Althusius's "Politics Methodically Set Forth and Illustrated with Sacred and Profane Examples", known today simply as "Politica" or Althusius's "Politics", was originally published in Germany in 1603. Professor Carney's translation, which first appeared in 1964, represents the first attempt to present the basic structure of Althusius's political thought in English. "Politica" is now recognised as an extraordinary contribution to the intellectual history of the West. It combines ancient and medieval political philosophy with Reformation theory, and is considered a bridge between the political wisdom of the ancients and the moderns. Friedrich thought Althusius was the most profound political thinker between Bodin and Hobbes. Drawing deeply from Aristotle and Biblical teaching, "Politica" presents a unique vision of the commonwealth as a harmonious ordering of natural associations. According to Althusius, the purpose of the state is to protect and encourage social life. The family is the most natural of human associations, and all other unions derive from it. Power and authority properly grow from more local to more general associations.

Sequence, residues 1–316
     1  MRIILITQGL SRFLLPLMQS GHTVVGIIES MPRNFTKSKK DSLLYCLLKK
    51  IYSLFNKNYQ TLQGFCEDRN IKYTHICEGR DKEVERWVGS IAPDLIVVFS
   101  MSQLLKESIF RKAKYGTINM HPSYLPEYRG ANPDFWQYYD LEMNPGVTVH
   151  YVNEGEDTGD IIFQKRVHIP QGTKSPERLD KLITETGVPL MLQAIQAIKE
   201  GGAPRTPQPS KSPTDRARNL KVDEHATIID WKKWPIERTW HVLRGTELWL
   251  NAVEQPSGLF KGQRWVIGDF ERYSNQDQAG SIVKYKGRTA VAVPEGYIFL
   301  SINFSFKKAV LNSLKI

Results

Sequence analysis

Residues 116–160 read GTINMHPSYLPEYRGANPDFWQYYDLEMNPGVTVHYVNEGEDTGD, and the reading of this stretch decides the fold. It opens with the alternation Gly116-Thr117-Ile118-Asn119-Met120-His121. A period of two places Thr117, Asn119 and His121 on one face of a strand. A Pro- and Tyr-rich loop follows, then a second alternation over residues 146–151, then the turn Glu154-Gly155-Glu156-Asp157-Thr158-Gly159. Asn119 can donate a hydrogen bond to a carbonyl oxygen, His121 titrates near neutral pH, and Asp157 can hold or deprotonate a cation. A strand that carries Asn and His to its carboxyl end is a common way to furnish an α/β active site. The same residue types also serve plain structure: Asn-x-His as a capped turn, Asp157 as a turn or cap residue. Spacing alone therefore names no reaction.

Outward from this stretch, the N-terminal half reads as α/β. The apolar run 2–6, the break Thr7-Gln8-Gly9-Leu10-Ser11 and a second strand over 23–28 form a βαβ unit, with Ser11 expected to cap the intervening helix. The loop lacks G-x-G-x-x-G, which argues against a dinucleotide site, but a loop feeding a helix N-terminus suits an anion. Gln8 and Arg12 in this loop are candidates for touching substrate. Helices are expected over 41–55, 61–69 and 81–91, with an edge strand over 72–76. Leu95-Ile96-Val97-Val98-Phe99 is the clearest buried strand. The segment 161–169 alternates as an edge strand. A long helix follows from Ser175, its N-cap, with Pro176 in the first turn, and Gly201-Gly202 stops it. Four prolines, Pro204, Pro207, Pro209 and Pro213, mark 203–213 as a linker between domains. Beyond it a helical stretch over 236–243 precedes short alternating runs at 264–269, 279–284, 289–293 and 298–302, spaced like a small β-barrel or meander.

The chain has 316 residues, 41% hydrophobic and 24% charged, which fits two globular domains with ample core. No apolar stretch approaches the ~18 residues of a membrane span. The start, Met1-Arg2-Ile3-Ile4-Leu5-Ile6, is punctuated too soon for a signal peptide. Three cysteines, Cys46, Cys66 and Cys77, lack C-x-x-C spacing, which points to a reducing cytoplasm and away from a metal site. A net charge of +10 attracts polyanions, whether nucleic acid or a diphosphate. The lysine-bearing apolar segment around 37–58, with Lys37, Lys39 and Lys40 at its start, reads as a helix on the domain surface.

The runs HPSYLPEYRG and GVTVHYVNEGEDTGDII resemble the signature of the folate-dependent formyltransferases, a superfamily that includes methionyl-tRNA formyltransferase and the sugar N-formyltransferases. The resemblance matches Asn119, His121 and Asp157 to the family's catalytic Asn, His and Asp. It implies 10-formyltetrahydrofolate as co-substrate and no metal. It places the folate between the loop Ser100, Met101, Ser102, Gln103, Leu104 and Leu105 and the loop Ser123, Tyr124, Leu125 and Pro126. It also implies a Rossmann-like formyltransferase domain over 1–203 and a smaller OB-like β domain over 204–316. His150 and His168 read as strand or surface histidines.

Each higher union must protect the associations that compose it, seeing to it that all of them are able to carry out the purposes for which they were established. The highest purpose of human association is devotion to God, which the state must encourage, but which properly is the province of a higher religious authority. Of particular interest to the modern reader is Althusius's theory of federalism. It does not refer merely to a division of powers between central and state governments, but to an ascending scale of authority in which higher institutions rely on the consent of local and voluntary associations.